ECONOMY

China’s Huarong issues profit warning on property sector woes

China Huarong Asset Management, the country’s largest distressed debt investor, has issued a profit warning on surging credit impairments and property market jitters less than a year after a $6.6bn state-led restructuring.

Credit impairment losses “increased significantly” in the first six months of this year, the company said in a filing late on Tuesday, as it warned of a net loss of Rmb18.9mn ($2.8mn) for the first half of 2022.

The company attributed the loss to the “impact of volatility in the capital market and downturn in the real estate market”, adding that the recurrence of Covid-19 cases, geopolitical conflicts and pressure on the economy were also to blame.

Huarong, one of China’s “Big Four” asset management companies, needed a government-orchestrated bailout last year after delaying disclosure of a $16bn loss for months.

The company now counts state-owned investment company Citic Group as its largest shareholder and is divesting its non-core business units including banks, brokerage, trust and consumer finance entities as regulators urge big AMCs to streamline their operations to reduce financial risk.

In a separate filing on Tuesday, Huarong said it planned to transfer a 76.8 per cent stake in Huarong Trust to China Trust Protection Fund for about Rmb6.15bn.

Investors are divided over the long-term prospects for Huarong and the Chinese distressed debt industry.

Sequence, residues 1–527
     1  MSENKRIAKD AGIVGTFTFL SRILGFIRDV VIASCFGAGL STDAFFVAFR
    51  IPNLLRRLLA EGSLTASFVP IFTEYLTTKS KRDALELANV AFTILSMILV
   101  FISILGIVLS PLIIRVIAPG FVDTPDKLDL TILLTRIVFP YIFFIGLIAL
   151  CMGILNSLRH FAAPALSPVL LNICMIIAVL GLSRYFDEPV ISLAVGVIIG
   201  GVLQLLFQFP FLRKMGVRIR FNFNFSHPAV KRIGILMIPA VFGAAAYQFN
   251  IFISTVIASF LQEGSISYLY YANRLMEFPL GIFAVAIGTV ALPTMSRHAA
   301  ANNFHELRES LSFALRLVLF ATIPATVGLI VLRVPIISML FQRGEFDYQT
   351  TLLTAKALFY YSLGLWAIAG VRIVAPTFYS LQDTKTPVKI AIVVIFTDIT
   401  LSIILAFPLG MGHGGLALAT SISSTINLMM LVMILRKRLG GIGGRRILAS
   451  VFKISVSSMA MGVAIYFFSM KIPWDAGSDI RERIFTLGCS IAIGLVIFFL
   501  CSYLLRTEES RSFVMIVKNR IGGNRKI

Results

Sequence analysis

The latest profit warning has added to concerns over the exposure of the big asset managers to cash-strapped property developers through their restructuring businesses for distressed companies. More than half of Huarong’s restructuring businesses’ assets were related to the real estate and construction sectors at the end of 2021, according to company filings.

That level is about the same at Cinda Asset Management, a smaller rival, which issued a profit warning in July that its six-month profit would drop 30-35 per cent, citing “certain financial assets measured at amortised cost held by the company are under greater pressure”.

“Although most of these credit exposures are for projects and are well-collateralised with low loan-to-value ratios, they are vulnerable to a plunge in property sales and a decline in property prices,” analysts from Moody’s Investors Service said.

But Huarong remains optimistic about the company’s prospects under Citic’s leadership.

One person close to the company said the past six months had “laid a solid financial foundation for subsequent disposals of its risk assets” despite the loss.

Huarong has lined up distressed assets worth Rmb100bn for resolution, the person added, which could contribute to the company’s future cash returns.

To show its determination to turn back to the core business, Huarong said it would “make every effort” to separate the risks, resolve them and relieve the difficulty for real estate-related projects, according to its filings.

Additional reporting by Edward White in Seoul

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